9. What do you notice about the way the scene is directed as Petunia goes to Joe’s bedside and as we cut to her outside hanging laundry? What does this tell us about her relationship, and the connection to the song? The first shot with Ethel Waters and Butterfly McQueen is shot with almost a noir quality to illustrate Petunia’s fear that she may lose her husband; these deep shadows mimic the scene when the devil, or evil, is present. Even her dress is comprised of dark patterns. Inside the bedroom, there are still shadows, but not as severe, most likely from the presence of the angel. Just before she starts singing, you can see a bright light reflected on her arm, coming from the direction of the angel. As she sings, her face is lit and gets brighter as the song progresses. The entire section by Joe’s bedside is a tight two-shot and she leans in to simulate that they are in bed together in a loving relationship. Outside, the scene is shot in a more natural, bright lighting to show that her happiness not only comes from within but also within her world as she goes about her normal activities (something that she probably couldn’t have done while Joe was in danger). She still wears a patterned dress, but it is lighter than in the previous scene with stark white collar and cuffs which heighten the brightness of the scene. The scene ends with her taking his shirt off the line and wrapping it around her as she would his arms. At this point in the film, we know that Petunia is “good” and enjoys even these little activities and taking care of her husband. Joe, on the other hand, is an observer in the scene – sitting in a wheelchair on the sidelines. This illustrates how, with his six-month reprieve, needs to really look at his relationship with his wife. How would the song change if it was a woman singing about her child? Does the cultural meaning change? How? An interesting idea. Petunia, as a mother, would be just as self-sacrificing for her child as for a husband she loves and prays for and she would receive the same joy for a child smiling on her. But, simultaneously, a religious woman might also expect a child to obey her and might not be as forgiving for the transgressions of a child as she would for her husband. What other thoughts do you have about this film, the issues of black Americans during WWII, and this film’s importance in this era? Despite the fact that the armed forces in WW2 remained segregated, this film provide an opportunity for African-American actors to portray leading fully developed, three-dimensional characters as opposed to playing stereotypical roles as secondary (or even tertiary) characters that were often inserted purely for comic relief. There are still some stereotypical things about this film (e.g., the characters’ dialect), but it is definitely a large step forward. Before this film, there were African-American films created by and for African-American audiences. But this film was more mainstream, much of the production staff were Caucasian A-listers at MGM - director Vincente Minnelli, producer Arthur Freed, art director Cedric Gibbons, set decorator Edwin B. Willis, and costumer Irene – meaning that a great deal of money and effort was put into this film. I believe it was a huge step forward.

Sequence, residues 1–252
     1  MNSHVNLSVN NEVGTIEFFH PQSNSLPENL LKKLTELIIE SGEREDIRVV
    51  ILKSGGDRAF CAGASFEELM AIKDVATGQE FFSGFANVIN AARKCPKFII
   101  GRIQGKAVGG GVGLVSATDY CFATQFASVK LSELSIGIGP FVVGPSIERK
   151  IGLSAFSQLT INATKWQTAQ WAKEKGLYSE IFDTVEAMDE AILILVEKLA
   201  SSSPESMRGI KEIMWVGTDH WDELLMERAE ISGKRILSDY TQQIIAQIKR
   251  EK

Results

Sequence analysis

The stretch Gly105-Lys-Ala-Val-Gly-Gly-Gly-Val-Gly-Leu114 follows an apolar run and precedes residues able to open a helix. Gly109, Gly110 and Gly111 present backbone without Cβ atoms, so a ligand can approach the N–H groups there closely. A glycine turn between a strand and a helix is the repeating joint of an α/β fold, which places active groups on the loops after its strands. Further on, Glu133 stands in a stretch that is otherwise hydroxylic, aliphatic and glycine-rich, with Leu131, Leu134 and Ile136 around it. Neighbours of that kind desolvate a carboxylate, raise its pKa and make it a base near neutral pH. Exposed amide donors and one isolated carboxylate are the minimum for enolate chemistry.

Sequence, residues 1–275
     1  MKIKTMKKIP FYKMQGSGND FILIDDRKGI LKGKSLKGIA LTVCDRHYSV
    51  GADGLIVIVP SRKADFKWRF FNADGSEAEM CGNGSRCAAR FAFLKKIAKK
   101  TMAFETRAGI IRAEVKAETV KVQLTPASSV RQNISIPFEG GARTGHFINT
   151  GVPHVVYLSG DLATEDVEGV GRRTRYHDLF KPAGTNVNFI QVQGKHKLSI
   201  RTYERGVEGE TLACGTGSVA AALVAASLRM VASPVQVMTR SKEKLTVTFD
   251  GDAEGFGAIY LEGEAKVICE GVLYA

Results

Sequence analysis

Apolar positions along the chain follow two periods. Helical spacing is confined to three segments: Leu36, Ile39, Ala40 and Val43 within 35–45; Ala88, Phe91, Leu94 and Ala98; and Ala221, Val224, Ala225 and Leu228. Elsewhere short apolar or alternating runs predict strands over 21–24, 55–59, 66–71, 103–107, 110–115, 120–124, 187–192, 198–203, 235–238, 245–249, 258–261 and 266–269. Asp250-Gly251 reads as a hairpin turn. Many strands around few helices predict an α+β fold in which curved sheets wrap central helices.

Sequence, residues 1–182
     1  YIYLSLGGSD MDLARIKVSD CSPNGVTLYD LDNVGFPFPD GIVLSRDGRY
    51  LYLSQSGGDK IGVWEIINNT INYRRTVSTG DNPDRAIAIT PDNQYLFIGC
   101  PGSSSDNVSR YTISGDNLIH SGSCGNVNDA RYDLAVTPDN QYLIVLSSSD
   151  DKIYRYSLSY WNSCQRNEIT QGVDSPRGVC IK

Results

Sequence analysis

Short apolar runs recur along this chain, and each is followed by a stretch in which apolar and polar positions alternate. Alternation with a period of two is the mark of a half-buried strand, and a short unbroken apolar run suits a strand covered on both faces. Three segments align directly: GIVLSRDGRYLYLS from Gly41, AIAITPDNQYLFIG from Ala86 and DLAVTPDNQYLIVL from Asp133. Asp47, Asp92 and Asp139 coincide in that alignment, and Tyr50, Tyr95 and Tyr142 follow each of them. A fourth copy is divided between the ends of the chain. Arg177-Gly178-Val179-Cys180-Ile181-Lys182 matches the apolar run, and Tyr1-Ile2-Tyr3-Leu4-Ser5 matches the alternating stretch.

10. Thinking like a director and editor, describe how each shot spotlights key actions. Firstly, it’s interesting to note that, despite being set in turn-of-the-century, Shirley Delwyn (Betty Garrett) is very much the aggressor in this relationship (something she also does in On the Town). Both films were released in 1949 and reflect the greater independence of women after World War II. Shirley is waiting outside the locker room for Dennis Ryan (Sinatra) and immediately seeks to block his path before chasing him outside into the stadium. We go from close-up action to wider shots to show that, no matter how large the space, he is not going to be able to get away from her. When Ryan tosses the ball to her (on the line “start playing ball with me”) and immediately puts his hands in a catcher’s position showing that he just wants to get along. The cutting back and forth from long shots to closer shots creates a kind of cat-and-mouse game between the two characters. Every action of Shirley’s that’s more aggressive (blocking him in, grabbing his hands or even picking him up like she is a cavewoman trapping her man), the shots are more close-up whereas the camera pulls away to show the distance between them. It’s interesting to examine how musicals segue into musical numbers. How does this sequence prepare us for the singing? The scene begins with a lively tune – a kind of walking off tune, light-hearted and gay – as Ryan is leaving the locker room and tossing the game ball. The tune comes to an abrupt halt as Shirley blocks his way and, with each block the music becomes staccato until it segues into an almost ominous phrase (the beginning of her stalking him). Then it changes to chase music, coming to an abrupt halt when she shouts, “Hey!” before she begins singing.